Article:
View From the Couch: The Godfather Trilogy, The 355, etc.
View From The Couch is a weekly column that reviews what’s new on Blu-ray, 4K and DVD.
View From The Couch is a weekly column that reviews what’s new on Blu-ray, 4K and DVD.
James Caan, Marlon Brando, Al Pacino and John Cazale in The Godfather (Photo: Paramount)
(View From The Couch is a weekly column that reviews what’s new on Blu-ray, 4K and DVD. Ratings are on a four-star scale.)
BLUE SKIES (1946). A songbook captured on celluloid, Blue Skies features approximately three dozen Irving Berlin songs heard either in snippets or in entirety. Unfortunately, not all of the tunes are top-tier Berlin, just one of the problems plaguing this erratic box office hit. Fred Astaire plays Jed Potter, a hoofer in love with singer Mary O’Hara (Joan Caulfield). For her part, Mary pines for Jed’s best friend, nightclub owner Johnny Adams (Bing Crosby). As for Johnny, he cares for Mary but knows he’s not the type to settle down. Nevertheless, Mary and Johnny marry, leading to a daughter (Karolyn Grimes of “Zuzu’s Petals!” fame) but also to a combative relationship. Does Jed now stand a chance? It’s not a very compelling question, especially since Astaire has zero chemistry with Caulfield — she’s bland in the role and was almost fired from the film, but she was the married Crosby’s mistress at the time so there ya go. Crosby is his usual drowsy self, although he perks up when tag teaming with Fred for the amusing number “A Couple of Song and Dance Men.” Yet the film’s highlight — by far — is Astaire’s performance of “Puttin’ on the Ritz,” a superb showcase in which the magic of the movies allows the star to dance with multiple copies of himself! Blue Skies earned a pair of Oscar nominations for Best Scoring of a Musical and Best Original Song (“You Keep Coming Back Like a Song,” one of the few original Berlin compositions in the film).
Blu-ray extras consist of film critic audio commentary and trailers for other movies on the Kino label.
CAPTAINS OF THE CLOUDS (1942). Just as the 1942 Best Picture Oscar winner Mrs. Miniver boosted American support for the British cause during World War II (as was intended), so too did Captains of the Clouds offer its own measure of Hollywood-manufactured propaganda for our Canadian neighbors. A tribute to the Royal Canadian Air Force, this stars James Cagney as Brian MacLean, a bush pilot operating in the Canadian wilds. MacLean’s penchant for trouble leads him to steal business away from the other bush pilots — the noble Johnny Dutton (Dennis Morgan), the British expat Scrounger Harris (Reginald Gardiner), and the comic relief pair of Tiny Murphy (Alan Hale) and Blimp Lebec (George Tobias) — and to steal the fiery Emily Foster (Brenda Marshall) away from her boyfriend Johnny. But then Johnny saves Brian from certain death and Brian subsequently saves Johnny from marrying the materialistic Emily (by, uh, marrying her himself), so all the guys are now buddies and ready to leave the wilderness and join the war effort — and the RCAF. The movie’s complete bosh when it comes to the plotting and the characterizations, but the Technicolor lensing is impressive, the climactic aerial battle is exciting, and Cagney is in his element as a brash brawler. Captains of the Clouds nabbed a pair of Oscar nominations for Best Color Cinematography and Best Color Art Direction-Interior Decoration.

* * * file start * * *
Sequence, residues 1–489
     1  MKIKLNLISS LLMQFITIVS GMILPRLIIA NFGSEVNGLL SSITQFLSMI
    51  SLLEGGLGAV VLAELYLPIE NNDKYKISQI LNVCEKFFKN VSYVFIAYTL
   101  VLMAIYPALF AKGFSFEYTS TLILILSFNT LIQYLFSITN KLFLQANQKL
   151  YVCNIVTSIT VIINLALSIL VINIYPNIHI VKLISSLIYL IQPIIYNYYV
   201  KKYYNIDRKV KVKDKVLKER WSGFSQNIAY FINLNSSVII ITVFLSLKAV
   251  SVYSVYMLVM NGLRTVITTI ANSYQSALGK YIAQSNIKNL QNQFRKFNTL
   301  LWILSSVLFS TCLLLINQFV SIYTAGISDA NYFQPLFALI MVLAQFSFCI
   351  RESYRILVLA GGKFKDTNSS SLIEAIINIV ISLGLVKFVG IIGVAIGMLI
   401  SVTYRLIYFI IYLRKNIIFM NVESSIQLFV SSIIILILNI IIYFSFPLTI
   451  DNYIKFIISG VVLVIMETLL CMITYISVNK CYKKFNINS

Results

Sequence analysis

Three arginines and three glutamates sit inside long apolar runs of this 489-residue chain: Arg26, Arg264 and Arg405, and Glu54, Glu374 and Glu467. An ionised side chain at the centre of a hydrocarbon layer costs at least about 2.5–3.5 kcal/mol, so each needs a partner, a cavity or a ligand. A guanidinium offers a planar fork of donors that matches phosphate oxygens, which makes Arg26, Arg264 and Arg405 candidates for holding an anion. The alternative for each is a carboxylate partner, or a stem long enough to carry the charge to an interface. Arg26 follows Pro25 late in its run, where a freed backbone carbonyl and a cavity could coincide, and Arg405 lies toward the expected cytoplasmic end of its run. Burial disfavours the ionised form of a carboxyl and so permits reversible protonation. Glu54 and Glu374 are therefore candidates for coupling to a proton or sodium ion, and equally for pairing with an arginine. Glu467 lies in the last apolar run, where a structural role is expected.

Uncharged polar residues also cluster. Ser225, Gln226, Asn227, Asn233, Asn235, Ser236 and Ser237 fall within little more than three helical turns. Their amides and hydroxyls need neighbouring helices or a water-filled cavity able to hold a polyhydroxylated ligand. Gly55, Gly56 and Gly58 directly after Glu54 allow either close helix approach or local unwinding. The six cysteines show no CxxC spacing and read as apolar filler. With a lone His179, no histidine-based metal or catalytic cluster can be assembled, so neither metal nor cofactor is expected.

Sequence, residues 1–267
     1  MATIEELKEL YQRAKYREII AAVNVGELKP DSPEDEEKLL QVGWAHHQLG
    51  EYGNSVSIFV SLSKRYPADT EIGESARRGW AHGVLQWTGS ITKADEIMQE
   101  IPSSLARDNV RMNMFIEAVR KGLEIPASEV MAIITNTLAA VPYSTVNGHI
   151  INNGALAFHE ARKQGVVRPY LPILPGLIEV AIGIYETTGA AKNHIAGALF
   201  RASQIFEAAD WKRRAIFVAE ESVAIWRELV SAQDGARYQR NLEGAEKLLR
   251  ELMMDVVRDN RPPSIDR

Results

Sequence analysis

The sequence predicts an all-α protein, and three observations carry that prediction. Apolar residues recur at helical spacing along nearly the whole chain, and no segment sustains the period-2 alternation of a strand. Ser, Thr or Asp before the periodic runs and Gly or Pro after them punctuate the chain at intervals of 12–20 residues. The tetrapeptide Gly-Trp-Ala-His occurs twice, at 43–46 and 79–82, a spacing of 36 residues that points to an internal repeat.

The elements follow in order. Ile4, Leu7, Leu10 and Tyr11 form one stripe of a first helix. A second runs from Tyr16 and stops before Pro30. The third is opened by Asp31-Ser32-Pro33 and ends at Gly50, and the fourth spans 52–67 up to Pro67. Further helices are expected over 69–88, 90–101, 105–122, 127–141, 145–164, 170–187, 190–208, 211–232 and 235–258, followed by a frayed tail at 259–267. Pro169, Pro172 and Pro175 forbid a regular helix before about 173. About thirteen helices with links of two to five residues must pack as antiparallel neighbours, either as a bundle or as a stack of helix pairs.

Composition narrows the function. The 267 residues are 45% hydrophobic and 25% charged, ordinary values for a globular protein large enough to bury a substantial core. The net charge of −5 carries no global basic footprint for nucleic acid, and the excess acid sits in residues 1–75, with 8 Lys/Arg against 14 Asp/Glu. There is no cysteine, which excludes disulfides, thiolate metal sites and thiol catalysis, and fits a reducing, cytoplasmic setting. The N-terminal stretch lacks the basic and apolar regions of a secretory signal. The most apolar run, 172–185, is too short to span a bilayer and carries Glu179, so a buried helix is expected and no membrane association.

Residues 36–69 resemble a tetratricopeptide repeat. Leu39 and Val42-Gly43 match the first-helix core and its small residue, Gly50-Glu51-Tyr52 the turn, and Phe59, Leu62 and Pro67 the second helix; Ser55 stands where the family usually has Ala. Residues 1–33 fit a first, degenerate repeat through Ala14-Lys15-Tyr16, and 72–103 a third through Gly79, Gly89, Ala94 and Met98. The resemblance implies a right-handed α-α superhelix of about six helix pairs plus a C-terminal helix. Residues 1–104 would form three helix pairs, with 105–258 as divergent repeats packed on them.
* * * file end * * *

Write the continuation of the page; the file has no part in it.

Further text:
Blu-ray extras consist of a 1942 newsreel; the 1942 live-action short Rocky Mountain Big Game; two Bugs Bunny cartoons, 1942’s Hold the Lion, Please and 1944’s What’s Cookin’ Doc? (in which Bugs is livid when Cagney beats him for the Best Actor Oscar); and the theatrical trailer.
THE GODFATHER TRILOGY (1972-1990). I’ll avoid writing that this latest set of the Francis Ford Coppola-Mario Puzo movies is an offer cineastes can’t refuse (oops, too late). Seriously, though, this stellar 4K offering will doubtless remain one of the best — if not the best — home market releases of the year. The films themselves need no introduction. The Godfather (1972) immediately emerged as a cultural milestone; The Godfather Part II (1974) is lauded in some corners (although not this one) as being superior to its predecessor; and The Godfather Part III (1990), refashioned here as Coppola’s definitive The Godfather Coda: The Death of Michael Corleone, is worthwhile yet seriously flawed (go here for a full review). The first two films earned Best Picture Academy Awards, with the original also winning for Best Adapted Screenplay and Best Actor for Marlon Brando; the icon delivers a cheeky (in more ways than one) performance as Don Vito Corleone, although the award clearly should have gone to the real star, Al Pacino (relegated to the Best Supporting Actor category, where he competed against co-stars James Caan and Robert Duvall). Part II earned a total of six statues, including Best Director and Best Supporting Actor for Robert De Niro as the young Don Vito Corleone.
In celebration of the initial film’s 50th anniversary, Paramount is offering the trilogy for the first time in 4K. Not only does the collection contain The Godfather Coda but it also features the 1990 theatrical version of The Godfather Part III as well as Coppola’s 1991 cut. New extras include an introduction by Coppola; a piece on the saga’s latest restoration; and 8mm home movie footage shot in 1971. Previously released extras include audio commentary by Coppola; several making-of pieces; a look at the first picture’s troubled production, featuring interviews with Coppola, Steven Spielberg, George Lucas, and others; additional scenes; an interactive family tree; an interactive crime organization chart; and much, much more.
The Godfather: ★★★★